UK comparison website Confused.com has released details of the names most likely to have a great credit rating in Britain – and the worst.
Having recorded data from thousands of website users over the past year, the site has listed the five best and worst names for men and women, as well as the best and worst surnames.
- For men, the highest-ranking names are Brian, Alan, Ian, Peter and Robert.
- Among women, the top five most likely to have a good credit history are Helen, Susan, Julie, Elizabeth and Joanne.
You may notice the names least likely to have problems with debt are also more traditional names, commonly associated with people middle-aged or older. The reasoning behind this trend is that older people generally tend to have better credit histories than their children and grandchildren, having been brought up in a time when the emphasis was on saving, not spending, and avoiding debt by living within their means.
- The worst-ranked names for men are Daniel, Lee, Matthew, Steven and Christopher.
- The lowest-ranked for women are Lisa, Victoria, Emma, Nicola and Claire.
In contrast to the top-rating first names, all those listed in both the men’s and women’s bottom 5 are commonly found among Britain’s Gen X and older Gen Y. This could be due to the fact that younger generations are more likely to borrow rather than save, as many in these age groups have grown up seeing debt as normal. While it may be a generalisation, it’s probably fair to say that credit histories are more likely to be worse among younger people, who are often less financially astute than their elders. And obviously, younger generations have had less time and experience in order to build up a positive credit history and learn from past financial mistakes.
However, there was no real disparity between the five best and worst surnames, with all names in both groups being in the top 50 most common British family names.
- Best surnames include Edwards, Lewis, Wright, Evans and Jones.
- The lowest-ranking last names are Thompson, Johnson, White, Clark and Williams.
Confused.com compiled the data from its free online Credit Card Matcher tool to produce the findings. The site allows customers to check the likelihood of being accepted for a credit card before submitting an application.
The report also looked at rankings by postcode. The location with the best-ranked residents, SL4 in Slough, is unsurprisingly one of Britain’s most exclusive and the home of both Windsor Castle and elite boys’ school Eton College.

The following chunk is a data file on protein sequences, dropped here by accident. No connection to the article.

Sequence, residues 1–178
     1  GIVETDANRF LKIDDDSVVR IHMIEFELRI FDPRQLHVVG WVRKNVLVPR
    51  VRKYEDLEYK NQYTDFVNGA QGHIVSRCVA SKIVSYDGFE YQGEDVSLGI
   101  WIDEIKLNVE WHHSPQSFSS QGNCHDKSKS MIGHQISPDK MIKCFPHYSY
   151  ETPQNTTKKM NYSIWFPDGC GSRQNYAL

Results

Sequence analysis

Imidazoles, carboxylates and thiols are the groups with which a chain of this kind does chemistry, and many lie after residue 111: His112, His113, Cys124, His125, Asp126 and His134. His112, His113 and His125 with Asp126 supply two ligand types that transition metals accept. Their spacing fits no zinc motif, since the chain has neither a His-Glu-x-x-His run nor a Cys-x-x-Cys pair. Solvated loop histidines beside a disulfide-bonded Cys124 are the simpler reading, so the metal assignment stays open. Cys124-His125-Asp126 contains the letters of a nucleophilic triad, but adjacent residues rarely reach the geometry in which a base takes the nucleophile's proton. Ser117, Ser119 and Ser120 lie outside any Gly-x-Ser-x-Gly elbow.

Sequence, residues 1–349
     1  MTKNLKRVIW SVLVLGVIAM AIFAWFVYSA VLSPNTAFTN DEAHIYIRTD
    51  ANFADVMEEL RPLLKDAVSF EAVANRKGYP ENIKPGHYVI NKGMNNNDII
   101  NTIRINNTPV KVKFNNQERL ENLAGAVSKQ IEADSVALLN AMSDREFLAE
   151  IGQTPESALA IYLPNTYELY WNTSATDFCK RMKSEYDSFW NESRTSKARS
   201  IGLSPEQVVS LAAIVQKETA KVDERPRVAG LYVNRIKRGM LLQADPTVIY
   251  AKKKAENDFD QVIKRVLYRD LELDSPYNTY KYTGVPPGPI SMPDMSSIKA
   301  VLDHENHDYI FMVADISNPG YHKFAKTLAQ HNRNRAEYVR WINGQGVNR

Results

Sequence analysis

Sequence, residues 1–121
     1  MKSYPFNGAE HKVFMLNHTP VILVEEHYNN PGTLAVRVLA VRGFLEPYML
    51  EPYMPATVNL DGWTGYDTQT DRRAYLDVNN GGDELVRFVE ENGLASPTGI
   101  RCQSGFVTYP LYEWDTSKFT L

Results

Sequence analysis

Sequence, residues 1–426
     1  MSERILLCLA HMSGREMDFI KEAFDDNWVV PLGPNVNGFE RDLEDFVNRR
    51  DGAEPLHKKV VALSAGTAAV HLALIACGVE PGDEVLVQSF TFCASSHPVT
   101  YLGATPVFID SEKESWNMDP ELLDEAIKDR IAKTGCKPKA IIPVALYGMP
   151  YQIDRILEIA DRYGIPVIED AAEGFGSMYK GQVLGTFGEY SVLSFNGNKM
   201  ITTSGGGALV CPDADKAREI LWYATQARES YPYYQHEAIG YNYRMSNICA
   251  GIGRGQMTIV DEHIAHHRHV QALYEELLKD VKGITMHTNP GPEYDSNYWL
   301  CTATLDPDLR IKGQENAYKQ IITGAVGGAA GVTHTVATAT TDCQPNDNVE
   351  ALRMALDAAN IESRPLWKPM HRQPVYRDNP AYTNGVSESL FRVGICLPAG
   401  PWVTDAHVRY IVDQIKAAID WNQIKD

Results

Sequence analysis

How to build a good credit report (regardless of your name)
Despite the site’s findings, a customer’s name obviously isn’t a factor in securing credit. Whether you’re a Brian or a Daniel, maintaining a good credit history can be broken down into a few simple steps:
1. Establish a credit history. This can be through small steps, such as a mobile phone plan, broadband or pay TV account, or opening a low-limit credit card – something to show potential creditors that you have experience paying bills and debts and can be responsible. Of course, this only works if you follow the step below.
2. Pay your bills on time. Although it seems obvious, forgetting to make a payment can affect your rating, especially if it happens more than once.
3. Show lenders that you have job stability and a fixed address. Swapping jobs and suburbs on an unusually frequent basis sends a message that you’re unreliable, and that you may pose a financial risk if you miss repayments and your creditors can’t locate you.
4. Build a positive relationship with your financial institution. Don’t overdraw your account, make repayments on time, and show that you’re a model customer. Although lending decisions are ultimately made according to bank policy and not necessarily the personal opinion of the banker handling your application, that banker may be more likely to help you find alternative solutions if they consider you a good customer. And remember that although banks and credit unions may seem like they’re just out to rip you off, if you need help with budgeting and saving most employees are happy to assist you.
5. Australia uses a negative credit reporting system, and because of this just paying off a bad debt won’t wipe it. Once a debt is sent to a collections agency, it’s on your report for 5 to 7 years even after you repay it. The report will also list all details of credit and loans you’ve signed for, details of defaults and infringements, and more serious problems such as bankruptcy, court judgements, and personal insolvency agreements. So it’s recommended that you get a copy of your personal report and go over it for any errors.
6. Anything you do find that’s incorrect should be referred to the creditor in question, and if they can’t resolve it, the Financial Services Ombudsman or Privacy Commissioner. Don’t waste time with ‘credit repair’ agencies – they can’t change any information unless it is proved to be wrong, and this is something you can instigate yourself without paying a third party.
It’s never too late to start establishing or fixing your credit profile, even if you’ve made mistakes in the past. Rather than a name change, a solid financial reputation will always be your best asset when it comes to getting finance approved.